Ultimately, a relationship must exist between user threads and kernel threads. there are three common ways of establishing such a relationship: the many-to-one model, the one-to-one model, and the many-to-many model
The many-to-one model maps many user-level threads to one kernel thread. Thread management is done by the thread library in user space, so it is efficient. However, the entire process will block if a thread makes a blocking system call. Also, because only one thread can access the kernel at a time, multiple threads are unable to run in parallel on multicore systems.
Green threads—a thread library available for Solaris systems and adopted in early versions of Java—used the many-to-one model. However, very few systems continue to use the model because of its inability to take advantage of multiple processing cores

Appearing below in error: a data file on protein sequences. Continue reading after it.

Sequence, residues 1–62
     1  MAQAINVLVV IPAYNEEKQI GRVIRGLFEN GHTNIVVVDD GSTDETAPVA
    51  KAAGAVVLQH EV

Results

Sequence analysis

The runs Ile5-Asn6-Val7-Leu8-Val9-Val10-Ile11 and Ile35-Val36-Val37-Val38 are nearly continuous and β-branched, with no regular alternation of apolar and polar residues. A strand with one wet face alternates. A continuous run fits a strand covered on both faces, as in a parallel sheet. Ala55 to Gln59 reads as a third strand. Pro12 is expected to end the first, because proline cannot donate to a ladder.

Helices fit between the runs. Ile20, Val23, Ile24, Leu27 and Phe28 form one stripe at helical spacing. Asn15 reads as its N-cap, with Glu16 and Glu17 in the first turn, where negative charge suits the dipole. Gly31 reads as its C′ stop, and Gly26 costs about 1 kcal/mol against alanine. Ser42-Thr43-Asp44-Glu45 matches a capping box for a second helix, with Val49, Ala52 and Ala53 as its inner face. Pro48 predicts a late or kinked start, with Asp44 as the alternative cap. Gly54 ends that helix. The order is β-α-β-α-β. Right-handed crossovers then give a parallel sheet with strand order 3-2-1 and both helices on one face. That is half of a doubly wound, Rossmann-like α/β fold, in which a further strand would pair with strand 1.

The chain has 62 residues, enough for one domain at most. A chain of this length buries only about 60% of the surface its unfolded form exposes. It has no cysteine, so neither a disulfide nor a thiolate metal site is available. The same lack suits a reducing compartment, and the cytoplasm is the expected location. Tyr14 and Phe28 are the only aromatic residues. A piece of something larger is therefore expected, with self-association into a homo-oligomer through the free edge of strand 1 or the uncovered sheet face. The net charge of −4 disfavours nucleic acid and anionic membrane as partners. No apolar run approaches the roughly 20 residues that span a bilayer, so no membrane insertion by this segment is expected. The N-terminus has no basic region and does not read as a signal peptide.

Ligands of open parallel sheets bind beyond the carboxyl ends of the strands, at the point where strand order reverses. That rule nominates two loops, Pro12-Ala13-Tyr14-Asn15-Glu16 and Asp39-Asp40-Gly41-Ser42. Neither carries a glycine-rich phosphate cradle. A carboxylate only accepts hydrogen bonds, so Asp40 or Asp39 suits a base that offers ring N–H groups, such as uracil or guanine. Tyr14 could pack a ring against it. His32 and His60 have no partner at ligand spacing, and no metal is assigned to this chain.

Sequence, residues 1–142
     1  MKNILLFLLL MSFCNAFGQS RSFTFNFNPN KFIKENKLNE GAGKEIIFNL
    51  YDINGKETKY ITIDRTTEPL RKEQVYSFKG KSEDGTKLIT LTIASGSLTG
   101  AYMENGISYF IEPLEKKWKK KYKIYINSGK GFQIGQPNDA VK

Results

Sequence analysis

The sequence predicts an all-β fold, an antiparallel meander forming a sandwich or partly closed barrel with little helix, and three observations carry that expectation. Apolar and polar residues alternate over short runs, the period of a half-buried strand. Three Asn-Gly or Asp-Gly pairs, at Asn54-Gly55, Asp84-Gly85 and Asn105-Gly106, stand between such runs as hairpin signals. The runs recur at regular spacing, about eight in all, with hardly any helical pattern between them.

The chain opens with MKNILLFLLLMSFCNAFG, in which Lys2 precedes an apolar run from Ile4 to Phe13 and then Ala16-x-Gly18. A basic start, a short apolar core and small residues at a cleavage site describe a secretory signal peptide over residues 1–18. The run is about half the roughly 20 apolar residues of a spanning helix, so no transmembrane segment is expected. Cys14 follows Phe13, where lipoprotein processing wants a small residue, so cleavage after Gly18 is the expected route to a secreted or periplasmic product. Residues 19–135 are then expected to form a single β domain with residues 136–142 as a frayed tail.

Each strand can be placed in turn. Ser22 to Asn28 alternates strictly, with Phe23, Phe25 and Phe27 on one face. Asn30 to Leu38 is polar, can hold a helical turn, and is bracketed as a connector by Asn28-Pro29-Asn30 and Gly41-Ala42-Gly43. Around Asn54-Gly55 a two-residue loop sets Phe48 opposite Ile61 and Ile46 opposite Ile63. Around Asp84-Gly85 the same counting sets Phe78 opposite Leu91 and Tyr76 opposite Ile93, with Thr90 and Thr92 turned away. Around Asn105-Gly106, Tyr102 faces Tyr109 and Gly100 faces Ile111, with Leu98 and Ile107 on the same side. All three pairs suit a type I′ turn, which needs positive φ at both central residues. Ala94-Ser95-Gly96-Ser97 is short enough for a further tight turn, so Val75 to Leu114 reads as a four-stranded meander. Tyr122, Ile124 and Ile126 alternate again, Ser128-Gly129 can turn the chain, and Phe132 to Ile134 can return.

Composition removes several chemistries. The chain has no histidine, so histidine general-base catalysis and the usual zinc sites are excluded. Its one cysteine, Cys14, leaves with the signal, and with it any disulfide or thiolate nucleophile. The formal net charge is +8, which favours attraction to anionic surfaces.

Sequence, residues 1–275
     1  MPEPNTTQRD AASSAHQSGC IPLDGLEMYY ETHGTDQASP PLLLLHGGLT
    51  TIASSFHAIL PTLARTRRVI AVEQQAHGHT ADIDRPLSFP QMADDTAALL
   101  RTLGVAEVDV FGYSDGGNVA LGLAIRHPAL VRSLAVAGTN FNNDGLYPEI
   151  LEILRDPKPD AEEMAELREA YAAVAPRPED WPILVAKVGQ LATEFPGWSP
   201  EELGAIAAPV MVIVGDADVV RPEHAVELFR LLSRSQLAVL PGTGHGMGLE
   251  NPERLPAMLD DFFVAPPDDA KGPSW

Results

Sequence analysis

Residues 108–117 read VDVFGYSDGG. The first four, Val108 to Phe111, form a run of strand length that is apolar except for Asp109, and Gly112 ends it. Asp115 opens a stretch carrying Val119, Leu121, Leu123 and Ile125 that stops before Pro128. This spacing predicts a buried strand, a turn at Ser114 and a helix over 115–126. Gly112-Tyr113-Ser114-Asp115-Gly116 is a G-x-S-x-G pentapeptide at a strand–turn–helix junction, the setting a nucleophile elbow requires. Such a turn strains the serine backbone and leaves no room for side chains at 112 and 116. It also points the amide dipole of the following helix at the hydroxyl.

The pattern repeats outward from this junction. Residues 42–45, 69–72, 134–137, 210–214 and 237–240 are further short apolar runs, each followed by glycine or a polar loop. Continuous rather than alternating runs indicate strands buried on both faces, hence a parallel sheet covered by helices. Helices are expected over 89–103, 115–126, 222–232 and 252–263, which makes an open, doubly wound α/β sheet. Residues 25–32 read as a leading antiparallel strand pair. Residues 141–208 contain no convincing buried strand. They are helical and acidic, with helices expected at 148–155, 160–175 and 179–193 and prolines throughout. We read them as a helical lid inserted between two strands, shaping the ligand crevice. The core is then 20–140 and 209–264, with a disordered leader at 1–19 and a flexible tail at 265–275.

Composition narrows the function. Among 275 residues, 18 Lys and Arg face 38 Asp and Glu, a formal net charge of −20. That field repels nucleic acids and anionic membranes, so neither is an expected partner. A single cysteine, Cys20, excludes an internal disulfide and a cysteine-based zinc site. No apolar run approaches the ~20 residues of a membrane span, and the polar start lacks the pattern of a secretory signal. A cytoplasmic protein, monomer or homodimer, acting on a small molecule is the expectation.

The one-to-one model maps each user thread to a kernel thread. It provides more concurrency than the many-to-one model by allowing another thread to run when a thread makes a blocking system call. It also allows multiple threads to run in parallel on multiprocessors.
The only drawback to this model is that creating a user thread requires creating the corresponding kernel thread. Because the overhead of creating kernel threads can burden the performance of an application, most implementations of this model restrict the number of threads supported by the system. Linux, along with the family of Windows operating systems, implement the one-to-one model
The many-to-many model multiplexes many user-level threads to a smaller or equal number of kernel threads. The number of kernel threads may be specific to either a particular application or a particular machine (an application may be allocated more kernel threads on a multiprocessor than on a single processor)